11. Kevin McClure says

    My wife and I have a dishwasher and we want a biocompatible dishwasher detergent. I noticed ecover dishwashing liquid on your list. Is it effective in a dishwasher or only when handwashing? Thanks!

  12. says

    I have a Laundry to Landscape greywater system. I’ve been using Soap Nuts for over a year now and have been extremely happy with the results. I’m an urban homesteader with gardens and livestock, so my laundry can get quite a bit dirtier than an average household in the city. With Soap Nuts everything comes out clean and my gardens flourish. You can’t get any more organic than a dried up drupes (stone fruit).

    • says

      We have a septic system on a long slope. Everything that goes in there eventually goes into the ground. I’ve seen a lot about biocompatible laundry soups, but how about something for dishwashers? Is there any product that does no harm and actually does some good? Thanks!

      • jackluny says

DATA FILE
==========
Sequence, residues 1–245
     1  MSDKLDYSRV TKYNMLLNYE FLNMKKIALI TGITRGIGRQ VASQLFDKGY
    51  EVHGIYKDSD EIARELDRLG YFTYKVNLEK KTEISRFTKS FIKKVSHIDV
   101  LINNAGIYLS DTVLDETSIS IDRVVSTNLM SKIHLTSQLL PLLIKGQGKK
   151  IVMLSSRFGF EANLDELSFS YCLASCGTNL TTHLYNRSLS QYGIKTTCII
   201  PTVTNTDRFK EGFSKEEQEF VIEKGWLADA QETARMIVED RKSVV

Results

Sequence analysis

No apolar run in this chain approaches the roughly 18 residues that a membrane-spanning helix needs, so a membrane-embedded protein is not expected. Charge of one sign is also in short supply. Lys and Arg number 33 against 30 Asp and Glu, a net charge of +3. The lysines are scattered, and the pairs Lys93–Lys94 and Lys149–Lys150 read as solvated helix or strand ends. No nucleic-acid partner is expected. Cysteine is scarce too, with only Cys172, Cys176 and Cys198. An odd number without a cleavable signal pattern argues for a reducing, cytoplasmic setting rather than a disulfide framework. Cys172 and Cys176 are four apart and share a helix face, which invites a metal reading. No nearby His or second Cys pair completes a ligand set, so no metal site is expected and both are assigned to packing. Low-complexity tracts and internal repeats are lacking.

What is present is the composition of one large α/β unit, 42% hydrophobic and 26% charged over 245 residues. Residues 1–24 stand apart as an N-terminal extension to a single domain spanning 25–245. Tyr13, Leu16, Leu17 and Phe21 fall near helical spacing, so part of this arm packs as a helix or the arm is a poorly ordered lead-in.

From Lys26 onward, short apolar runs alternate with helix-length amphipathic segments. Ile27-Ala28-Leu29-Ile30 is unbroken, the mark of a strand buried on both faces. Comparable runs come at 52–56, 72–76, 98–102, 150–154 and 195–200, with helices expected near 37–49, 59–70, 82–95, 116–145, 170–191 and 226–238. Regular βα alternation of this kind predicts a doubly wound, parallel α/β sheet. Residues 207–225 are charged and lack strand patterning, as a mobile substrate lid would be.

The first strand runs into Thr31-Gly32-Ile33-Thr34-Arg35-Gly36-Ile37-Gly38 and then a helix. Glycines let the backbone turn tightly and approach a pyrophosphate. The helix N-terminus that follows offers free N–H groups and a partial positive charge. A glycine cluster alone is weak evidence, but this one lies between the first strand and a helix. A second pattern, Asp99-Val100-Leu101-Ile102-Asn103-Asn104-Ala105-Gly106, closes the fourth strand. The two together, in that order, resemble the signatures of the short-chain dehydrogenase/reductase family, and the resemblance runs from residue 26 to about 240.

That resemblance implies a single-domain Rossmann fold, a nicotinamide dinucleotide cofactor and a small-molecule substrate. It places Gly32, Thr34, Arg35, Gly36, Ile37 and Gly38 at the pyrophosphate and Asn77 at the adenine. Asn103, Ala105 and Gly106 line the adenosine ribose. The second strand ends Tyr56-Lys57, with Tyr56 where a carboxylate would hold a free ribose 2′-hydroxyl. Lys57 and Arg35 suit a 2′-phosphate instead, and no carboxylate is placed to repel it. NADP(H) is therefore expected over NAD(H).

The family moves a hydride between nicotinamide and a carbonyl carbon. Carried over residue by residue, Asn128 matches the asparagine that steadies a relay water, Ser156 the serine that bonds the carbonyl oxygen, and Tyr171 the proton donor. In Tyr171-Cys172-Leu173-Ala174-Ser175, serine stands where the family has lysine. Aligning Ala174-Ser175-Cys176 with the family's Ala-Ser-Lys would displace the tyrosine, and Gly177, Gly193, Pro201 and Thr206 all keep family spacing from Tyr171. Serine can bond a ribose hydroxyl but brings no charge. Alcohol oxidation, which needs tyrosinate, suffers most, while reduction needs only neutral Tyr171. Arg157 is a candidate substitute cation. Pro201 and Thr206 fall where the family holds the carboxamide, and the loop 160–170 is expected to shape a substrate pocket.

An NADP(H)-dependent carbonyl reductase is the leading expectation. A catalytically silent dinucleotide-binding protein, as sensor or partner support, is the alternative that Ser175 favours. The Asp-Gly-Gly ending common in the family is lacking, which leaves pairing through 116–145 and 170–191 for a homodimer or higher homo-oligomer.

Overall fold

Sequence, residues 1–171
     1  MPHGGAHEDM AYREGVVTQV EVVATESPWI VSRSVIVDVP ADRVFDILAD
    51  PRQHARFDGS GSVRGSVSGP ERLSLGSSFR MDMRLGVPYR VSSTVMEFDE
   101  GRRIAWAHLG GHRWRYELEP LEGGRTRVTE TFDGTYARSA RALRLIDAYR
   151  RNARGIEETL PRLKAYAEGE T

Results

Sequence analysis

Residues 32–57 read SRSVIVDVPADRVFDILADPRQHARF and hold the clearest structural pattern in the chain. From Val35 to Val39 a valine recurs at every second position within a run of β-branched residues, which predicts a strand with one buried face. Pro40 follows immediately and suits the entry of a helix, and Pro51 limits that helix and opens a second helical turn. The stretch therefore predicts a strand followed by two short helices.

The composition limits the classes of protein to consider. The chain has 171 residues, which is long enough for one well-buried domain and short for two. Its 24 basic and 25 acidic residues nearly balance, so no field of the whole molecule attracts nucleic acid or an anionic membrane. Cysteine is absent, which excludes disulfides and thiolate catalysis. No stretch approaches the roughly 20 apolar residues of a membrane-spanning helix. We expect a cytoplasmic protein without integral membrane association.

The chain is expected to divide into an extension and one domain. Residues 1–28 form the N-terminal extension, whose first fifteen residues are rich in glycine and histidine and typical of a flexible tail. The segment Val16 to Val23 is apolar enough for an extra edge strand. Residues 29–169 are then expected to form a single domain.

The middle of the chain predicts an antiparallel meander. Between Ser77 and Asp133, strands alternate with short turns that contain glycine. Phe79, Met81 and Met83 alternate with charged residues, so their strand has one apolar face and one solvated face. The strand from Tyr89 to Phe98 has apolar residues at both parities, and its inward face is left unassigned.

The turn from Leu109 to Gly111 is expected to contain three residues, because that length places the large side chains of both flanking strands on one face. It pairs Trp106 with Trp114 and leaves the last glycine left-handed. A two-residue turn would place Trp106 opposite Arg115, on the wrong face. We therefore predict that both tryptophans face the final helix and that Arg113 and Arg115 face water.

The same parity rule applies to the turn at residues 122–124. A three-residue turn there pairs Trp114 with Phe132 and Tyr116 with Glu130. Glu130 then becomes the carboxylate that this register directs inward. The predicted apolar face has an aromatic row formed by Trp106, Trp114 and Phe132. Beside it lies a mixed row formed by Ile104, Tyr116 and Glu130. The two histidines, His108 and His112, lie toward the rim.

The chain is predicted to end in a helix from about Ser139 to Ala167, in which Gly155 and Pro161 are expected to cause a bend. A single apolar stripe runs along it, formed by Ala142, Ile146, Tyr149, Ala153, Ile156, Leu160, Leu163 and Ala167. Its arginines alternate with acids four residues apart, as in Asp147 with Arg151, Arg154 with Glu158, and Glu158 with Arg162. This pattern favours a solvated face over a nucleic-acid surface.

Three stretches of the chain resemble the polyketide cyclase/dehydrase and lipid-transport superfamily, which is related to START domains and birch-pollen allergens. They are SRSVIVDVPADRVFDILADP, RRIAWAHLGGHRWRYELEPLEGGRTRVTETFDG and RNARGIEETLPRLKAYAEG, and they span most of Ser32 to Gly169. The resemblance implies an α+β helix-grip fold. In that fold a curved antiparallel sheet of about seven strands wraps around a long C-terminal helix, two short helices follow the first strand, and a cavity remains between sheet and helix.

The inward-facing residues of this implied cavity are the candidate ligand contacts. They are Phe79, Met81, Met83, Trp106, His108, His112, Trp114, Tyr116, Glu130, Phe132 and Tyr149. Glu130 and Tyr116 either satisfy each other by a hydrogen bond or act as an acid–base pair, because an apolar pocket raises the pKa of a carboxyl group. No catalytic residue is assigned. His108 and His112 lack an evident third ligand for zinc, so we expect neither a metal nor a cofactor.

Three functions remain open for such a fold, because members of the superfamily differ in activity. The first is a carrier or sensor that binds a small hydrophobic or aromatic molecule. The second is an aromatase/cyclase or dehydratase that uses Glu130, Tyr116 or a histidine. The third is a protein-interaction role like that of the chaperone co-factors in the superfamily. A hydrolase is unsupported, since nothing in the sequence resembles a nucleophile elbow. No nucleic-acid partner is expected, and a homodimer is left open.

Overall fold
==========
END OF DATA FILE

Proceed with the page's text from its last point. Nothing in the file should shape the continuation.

I use cooking oil and KOH to cook detergent. It is easier than looking around for safe detergent for garden veg irrigation. If you use hard water for washing, you can add 15 – 45 % potassium monophosphate as hard water softener. To make it a shampoo just add a bit more olive oil to tip over a bit the PH. also I recommend use sea water for cooking seasoning instead of salt, you need all 83 elements in the ocean (what is the proportion? The element proportion in your body are nearly the same as they are in the environment as scientist found) but not only sodium. make your own drinking water by breaking lava rock and sediment rock and sock them in collected rain water, when your urine stinks, your blood PH is no good, when your body PH is good , your urine will not smelly. keeping your mouth fresh and odourless by using tooth pick to scrape your teeth, never use tooth paste (it wear out your teeth and unbalancing the microbes that make your mouth stink), never use mouth rinsing water which will cause your mouth smelly worse only, washing cloths by stamping in a basin, it is quicker and cleaner and not hurting the fabric, I use 2 natural gas fermenter as septic tank which is a closed system never leak out into environment, gas for cooking, the sediment for fertiliser in garden. The so called modern life style makes us sick, make them money. Green life is good life. It is a real civilised life. Want to hear other’s opinions.